Tuesday, 26 May 2009


Royal Visit


Yesterday, I didn't need to imagine that I was friends with members of the Royal family from centuries ago, because Prince Philip came to see us at the museum. I suppose it wasn't quite like finally meeting Queen Elizabeth I or her father, but it was thrilling all the same.

The Prince came to see our new galleries in Plymouth. Apparently his favourite object was this one on the left - the Cattewater Gun. It was discovered in 1973 when the mouth of the river Plym was being dredged. It is one of many guns which would have been mounted on the ships rail and fired at the crews of enemy vessels. Guns such as these were the most common armament used at sea by both naval and merchant vessels between AD 1450 to 1520. During this period, William Caxton published the first book in England and King Henry VIII became the King. A few years after this gun fell into the murky waters of the River Plym, the English Reformation began, and many Monasteries, like this gun, were lost.

Monday, 25 May 2009



Ginger the Dead Egyptian



It's taken me some time to decide exactly how I am going to write this blog. I have foolishly taken far too much time mulling over all sorts of ideas. I even thought it would be interesting to write the blog from the point view of a ghost who lurks within the museum stores, watching over their collection and spying on the staff. But I think I was missing the point. This is my blog after all, and therefore it should consist of descriptions of my experiences in the museum... so here it goes.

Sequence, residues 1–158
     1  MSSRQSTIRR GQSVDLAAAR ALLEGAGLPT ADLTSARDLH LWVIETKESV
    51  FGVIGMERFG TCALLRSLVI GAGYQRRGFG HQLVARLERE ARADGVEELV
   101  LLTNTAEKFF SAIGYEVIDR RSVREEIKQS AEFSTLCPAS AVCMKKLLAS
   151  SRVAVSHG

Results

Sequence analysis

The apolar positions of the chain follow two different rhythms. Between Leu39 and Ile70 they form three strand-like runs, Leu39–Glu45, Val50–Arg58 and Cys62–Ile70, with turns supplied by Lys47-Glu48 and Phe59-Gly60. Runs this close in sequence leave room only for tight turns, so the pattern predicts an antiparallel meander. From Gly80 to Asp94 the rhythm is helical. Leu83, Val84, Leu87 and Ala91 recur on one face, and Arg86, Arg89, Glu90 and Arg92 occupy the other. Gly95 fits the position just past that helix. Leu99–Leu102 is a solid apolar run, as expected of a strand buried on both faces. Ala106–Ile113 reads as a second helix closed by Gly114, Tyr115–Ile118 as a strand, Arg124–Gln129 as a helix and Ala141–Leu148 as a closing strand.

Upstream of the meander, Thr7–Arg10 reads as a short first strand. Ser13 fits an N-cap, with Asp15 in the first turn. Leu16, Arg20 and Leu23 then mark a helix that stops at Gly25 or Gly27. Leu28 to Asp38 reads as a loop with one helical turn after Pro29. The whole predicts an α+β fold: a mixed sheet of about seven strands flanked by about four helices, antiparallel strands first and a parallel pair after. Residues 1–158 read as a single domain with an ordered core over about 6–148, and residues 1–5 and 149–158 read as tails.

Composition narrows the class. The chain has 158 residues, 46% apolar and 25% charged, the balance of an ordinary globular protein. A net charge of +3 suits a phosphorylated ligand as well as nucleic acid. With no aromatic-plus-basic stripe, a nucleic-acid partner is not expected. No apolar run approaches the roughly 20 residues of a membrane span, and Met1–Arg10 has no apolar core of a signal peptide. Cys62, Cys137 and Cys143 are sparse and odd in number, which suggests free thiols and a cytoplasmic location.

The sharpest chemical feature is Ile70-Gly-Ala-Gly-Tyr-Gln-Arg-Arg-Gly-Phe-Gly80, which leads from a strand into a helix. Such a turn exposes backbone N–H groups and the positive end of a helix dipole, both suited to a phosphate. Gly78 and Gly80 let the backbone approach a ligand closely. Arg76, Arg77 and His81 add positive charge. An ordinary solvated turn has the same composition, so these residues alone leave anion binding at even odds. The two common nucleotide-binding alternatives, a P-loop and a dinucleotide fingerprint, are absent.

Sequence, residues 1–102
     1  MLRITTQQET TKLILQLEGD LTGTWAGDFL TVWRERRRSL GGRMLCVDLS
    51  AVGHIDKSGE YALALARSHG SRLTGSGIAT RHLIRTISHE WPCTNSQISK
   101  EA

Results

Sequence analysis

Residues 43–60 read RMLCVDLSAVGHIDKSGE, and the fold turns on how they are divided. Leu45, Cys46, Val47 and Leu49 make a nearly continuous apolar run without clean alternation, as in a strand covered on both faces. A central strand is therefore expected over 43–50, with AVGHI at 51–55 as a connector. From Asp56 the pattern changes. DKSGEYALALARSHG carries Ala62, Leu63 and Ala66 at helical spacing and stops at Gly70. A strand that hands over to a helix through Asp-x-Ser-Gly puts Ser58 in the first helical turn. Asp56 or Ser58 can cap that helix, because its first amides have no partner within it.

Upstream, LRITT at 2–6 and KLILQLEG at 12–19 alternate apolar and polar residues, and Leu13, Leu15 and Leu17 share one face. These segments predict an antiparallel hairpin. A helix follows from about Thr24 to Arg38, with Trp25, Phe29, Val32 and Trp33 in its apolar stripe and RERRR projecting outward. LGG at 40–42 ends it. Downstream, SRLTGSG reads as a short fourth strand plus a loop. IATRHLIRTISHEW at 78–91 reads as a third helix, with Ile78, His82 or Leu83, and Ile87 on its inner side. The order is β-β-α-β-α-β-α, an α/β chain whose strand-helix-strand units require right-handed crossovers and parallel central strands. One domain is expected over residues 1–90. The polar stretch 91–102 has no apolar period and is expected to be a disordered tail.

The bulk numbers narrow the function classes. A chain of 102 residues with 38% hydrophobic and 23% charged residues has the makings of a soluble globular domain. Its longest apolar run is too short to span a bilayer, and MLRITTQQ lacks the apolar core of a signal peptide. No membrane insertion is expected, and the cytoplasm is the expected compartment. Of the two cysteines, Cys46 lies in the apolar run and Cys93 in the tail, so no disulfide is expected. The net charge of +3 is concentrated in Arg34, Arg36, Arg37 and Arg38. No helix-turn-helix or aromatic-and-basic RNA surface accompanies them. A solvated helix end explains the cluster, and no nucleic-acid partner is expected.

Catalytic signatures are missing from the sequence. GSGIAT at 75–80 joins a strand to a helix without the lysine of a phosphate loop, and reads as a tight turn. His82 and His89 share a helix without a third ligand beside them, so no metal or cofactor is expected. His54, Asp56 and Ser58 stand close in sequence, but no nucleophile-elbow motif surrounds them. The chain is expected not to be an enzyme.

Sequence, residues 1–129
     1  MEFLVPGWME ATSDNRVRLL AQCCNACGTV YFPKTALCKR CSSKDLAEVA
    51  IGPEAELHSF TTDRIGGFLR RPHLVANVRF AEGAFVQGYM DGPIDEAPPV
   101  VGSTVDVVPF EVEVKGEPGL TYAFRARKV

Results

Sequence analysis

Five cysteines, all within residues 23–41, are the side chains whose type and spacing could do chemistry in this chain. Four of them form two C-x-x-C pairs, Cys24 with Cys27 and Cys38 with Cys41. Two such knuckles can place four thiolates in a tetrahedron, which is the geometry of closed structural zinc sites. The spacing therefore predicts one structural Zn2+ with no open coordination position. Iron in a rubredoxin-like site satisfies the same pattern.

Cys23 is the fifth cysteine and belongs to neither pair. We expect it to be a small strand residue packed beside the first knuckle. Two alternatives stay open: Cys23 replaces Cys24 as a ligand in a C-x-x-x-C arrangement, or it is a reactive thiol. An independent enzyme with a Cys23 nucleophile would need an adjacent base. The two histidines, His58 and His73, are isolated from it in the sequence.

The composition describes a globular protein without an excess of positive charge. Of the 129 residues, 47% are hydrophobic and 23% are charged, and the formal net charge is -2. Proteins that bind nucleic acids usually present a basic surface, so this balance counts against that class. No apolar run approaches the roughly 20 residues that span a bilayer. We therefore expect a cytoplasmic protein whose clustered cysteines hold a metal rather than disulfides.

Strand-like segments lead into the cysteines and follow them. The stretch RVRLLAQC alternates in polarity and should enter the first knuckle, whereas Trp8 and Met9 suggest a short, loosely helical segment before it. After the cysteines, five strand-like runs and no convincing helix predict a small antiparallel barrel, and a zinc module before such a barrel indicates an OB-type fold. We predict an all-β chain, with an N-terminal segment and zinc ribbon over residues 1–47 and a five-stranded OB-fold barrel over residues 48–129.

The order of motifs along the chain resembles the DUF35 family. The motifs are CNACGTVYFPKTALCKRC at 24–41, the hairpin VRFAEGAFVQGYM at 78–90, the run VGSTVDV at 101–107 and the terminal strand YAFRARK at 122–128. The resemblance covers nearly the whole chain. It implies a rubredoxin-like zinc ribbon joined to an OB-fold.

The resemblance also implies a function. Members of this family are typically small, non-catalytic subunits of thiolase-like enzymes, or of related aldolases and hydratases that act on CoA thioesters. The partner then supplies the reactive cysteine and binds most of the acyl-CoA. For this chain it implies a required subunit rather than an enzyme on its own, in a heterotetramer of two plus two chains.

I've always been interested in history, and have happy memories of my journeys through time. I remember working on topic books when I was in primary school, and really enjoying myself as I escaped the present. I embraced topics such as the "Tudors and Stuarts" to such a point that I used to dream I was friends with kings and queens of that time. I thought I couldn't be happier in my imaginary world, I thought nothing could be better than being friends with Joan of Arc. But that was before I studied the Egyptians...

I wasn't sure why we had to go all the way up to London for a school trip, I had never travelled that far on a school day before. But then I had never visited the British Museum before either. Gosh, it was amazing. I remember not knowing what to do with myself because I was so amazed and excited at seeing so many old things. Then, I saw him - Ginger. A 5400 year old mummy from Gebelein, Egypt. Here is the poem I wrote the night after I saw him.

Ginger the Dead Egyptian
He was called that because of his hair
He lay in a scrunched-up position
And really he was quite bare

His tongue was all dry and crispy
His tummy had all fallen in
Perhaps he died before dinner
And that’s what made him so thin!